Measurements of the electrophysiological properties of "membrane probes" and membrane proteins, especially membrane transporters, are increasingly gaining importance in pharmacological studies. In particular, it is of interest to compare the electrical properties of the membrane proteins with their optical ones. From the prior art, the method of Borisenko et al. (2003) is known for examining lipid bilayers. On the bottom side of a hydrophobic sheet, a thin conductive layer (e.g., silver) which leaves the optical access free and serves as an electrode in the case of electrical measurements is applied by vapor deposition. If only optical measurements are intended, the silver layer can be dispensed with. The measuring chamber has drawbacks in that the silver layer affects optical measurements and the existing agarose layer is prepared relatively complexly and, in addition, will degenerate by water loss within a period of several hours. Therefore, the device is not suitable, in particular, as a base for an automated method. Microtitration plates having volumes in the microliter scale (microtitration plates) are needed in the usual high-throughput screening (HTS) and ultrahigh-throughput screening (UHTS) experimental series in the search for active substances in pharma research. For known electrical and coupled electro-optical measuring methods, measuring chambers suitable for HTS and UHTS according to SBS (Society for Biomolecular Screening) standard are lacking.
 The single, double and triple measuring chamber as well as microtitration plates of the invention are particularly suitable for establishing properties of cells or vesicles by the processes according to the invention and for preparing the measuring devices according to the invention in which at least one cell or one vesicle contacts the lipid bilayer. Therefore, the embodiments of the measuring devices according to the invention comprising vesicles or cells are in particular features of the single, double or triple measuring chambers of the invention.
 The measuring chambers and microtitration plates according to the invention have numerous advantages over the known devices for examining lipid bilayers. The measuring chambers according to the invention allow to follow optically and/or electrically processes between two aqueous phases separated by a horizontal lipid bilayer in a process according to the invention. The use of miniaturized measuring chambers as well as the use of a sandwich construction in which a high number of measuring chambers with a low number of components are prepared is enabled. Optical access through the bottom of the device is ensured. Pipette and electrode access from above is ensured, so that the measuring method can be performed simply and also as an automated method.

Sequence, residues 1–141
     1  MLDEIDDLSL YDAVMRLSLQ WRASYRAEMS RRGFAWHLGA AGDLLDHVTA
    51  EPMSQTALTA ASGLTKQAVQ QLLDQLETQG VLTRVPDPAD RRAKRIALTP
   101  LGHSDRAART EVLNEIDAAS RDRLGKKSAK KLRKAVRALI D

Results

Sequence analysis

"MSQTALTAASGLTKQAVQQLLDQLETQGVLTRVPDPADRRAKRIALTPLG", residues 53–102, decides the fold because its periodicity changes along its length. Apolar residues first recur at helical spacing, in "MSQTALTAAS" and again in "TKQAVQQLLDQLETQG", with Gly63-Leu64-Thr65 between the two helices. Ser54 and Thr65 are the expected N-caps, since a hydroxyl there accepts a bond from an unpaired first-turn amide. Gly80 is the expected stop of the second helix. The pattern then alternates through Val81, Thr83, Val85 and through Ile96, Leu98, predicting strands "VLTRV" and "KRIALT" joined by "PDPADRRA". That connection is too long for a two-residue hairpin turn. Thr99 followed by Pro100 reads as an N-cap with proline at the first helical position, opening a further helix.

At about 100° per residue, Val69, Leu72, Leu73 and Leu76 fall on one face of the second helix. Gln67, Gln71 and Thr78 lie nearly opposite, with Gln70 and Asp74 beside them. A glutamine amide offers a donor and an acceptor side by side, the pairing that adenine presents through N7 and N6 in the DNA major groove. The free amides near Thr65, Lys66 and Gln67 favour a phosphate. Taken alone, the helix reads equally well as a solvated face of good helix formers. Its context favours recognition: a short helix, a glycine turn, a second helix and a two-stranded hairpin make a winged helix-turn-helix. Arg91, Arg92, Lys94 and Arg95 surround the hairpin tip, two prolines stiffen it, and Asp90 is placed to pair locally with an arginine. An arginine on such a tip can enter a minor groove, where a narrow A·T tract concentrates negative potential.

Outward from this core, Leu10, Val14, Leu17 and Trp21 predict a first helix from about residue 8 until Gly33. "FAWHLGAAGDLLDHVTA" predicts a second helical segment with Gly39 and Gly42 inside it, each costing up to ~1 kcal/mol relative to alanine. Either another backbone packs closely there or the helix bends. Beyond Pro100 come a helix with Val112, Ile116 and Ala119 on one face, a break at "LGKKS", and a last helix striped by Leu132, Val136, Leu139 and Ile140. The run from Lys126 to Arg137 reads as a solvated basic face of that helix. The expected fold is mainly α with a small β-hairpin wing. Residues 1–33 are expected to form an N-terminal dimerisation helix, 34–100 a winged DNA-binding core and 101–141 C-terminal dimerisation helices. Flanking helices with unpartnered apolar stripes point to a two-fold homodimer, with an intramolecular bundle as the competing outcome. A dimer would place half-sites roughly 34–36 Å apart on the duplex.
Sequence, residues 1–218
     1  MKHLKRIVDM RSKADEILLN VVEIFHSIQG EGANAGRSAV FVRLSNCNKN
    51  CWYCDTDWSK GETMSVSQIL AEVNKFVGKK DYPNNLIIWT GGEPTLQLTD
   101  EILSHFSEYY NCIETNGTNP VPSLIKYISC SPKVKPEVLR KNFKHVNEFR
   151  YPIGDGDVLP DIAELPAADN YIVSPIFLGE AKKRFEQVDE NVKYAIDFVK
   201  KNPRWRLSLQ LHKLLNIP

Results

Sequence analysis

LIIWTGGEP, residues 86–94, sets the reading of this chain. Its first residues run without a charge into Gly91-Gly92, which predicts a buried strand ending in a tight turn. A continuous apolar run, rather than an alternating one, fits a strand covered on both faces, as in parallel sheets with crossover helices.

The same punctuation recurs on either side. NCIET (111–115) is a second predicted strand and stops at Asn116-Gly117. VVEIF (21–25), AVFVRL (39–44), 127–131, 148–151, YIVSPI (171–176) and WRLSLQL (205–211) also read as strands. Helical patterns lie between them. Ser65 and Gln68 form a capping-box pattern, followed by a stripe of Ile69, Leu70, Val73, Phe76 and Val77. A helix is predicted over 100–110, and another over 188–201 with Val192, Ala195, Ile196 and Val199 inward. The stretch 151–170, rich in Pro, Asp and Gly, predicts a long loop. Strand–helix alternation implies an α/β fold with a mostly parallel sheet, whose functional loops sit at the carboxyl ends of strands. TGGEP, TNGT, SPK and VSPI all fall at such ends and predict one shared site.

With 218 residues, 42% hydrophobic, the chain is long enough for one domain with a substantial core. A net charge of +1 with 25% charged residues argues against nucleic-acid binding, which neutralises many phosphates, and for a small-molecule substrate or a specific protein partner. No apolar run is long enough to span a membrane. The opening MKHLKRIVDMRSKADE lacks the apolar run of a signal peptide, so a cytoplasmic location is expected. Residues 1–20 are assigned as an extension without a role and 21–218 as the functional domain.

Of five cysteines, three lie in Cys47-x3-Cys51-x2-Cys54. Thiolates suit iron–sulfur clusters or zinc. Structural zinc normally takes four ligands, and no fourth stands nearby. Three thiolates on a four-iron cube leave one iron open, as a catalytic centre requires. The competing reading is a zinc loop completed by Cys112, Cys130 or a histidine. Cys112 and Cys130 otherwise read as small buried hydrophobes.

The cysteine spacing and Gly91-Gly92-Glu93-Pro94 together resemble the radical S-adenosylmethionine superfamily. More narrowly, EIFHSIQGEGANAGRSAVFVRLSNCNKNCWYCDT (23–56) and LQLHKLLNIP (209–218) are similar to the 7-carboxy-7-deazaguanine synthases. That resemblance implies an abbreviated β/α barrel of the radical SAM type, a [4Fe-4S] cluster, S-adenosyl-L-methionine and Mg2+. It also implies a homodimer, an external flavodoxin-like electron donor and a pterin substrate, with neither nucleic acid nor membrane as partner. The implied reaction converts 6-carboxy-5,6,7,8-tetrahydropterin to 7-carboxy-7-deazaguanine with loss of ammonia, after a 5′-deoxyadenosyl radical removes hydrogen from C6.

By means of usual SBS-conforming microtitration plates, only changes within the lumen of a chamber can be essentially observed with optical methods. In contrast, the microtitration plate according to the invention offers the possibility to perform optical and electrical measurements simultaneously or individually in two aqueous compartments separated by a horizontal lipid bilayer membrane. Thus, the electrical and optical properties can be individually established in the various cavities. Further, it is possible to measure also optically and electrically transport processes through the membrane as well as processes related to the association to the membrane, dissociation or incorporation of effectors into the membrane. In contrast to conventional microtitration plates, the micro-titration plates according to the invention offer the possibility to measure properties of a membrane or membrane processes electrically and/or optically without losing the character of a UHTS measuring chamber plate.
 In the devices according to the invention, at least two cavities are separated by a lipid bilayer. Thus, the electrical parameters of transport processes can be measured across this membrane. In order to ensure optical access, this bilayer should be stabilized sufficiently closely above the glass plate, i.e., within focal depth. The structure is preferably a sandwich structure of different suitable materials, such as Teflon and glass. Such a layer structure is shown, for example, in FIG. 1 (layers 1, 2, 3 and 4).
 The structure with juxtaposed measuring chambers to form a double or triple measuring chamber reduces the original number of measuring chambers by at least a factor of 2 (i.e., a 96-well microtitration plate becomes a 48-well double-well plate, etc.). However, this multiple chamber structure has the advantage that, after the chamber systems have been separated by a horizontal lipid bilayer, pressure compensation can be effected between the chamber systems without deforming the lipid bilayer (FIG. 7). This is essential to working with ion gradients between the two chambers.
 A preferred embodiment for a double and triple measuring chamber according to the invention can be seen from FIG. 5. For example, one (or more) microstructured sheet (or sheets) has (have) been introduced between the upper portion of the measuring chambers and the glass bottom. By such sheet, at least two adjacent chambers are connected to form a double chamber (triple chamber etc., microtitration plate). Per double chamber, one hole having a small diameter (0.1-100 μm) as well as one hole with a preferably larger diameter and a cavity (channel) horizontally connecting the two holes are introduced into the sheet. For example, such cavity can be integrated in the sheet or in the silica glass. In a preferred embodiment, the separating membrane is arranged horizontally within the focal depth above the glass layer in a microtitration plate.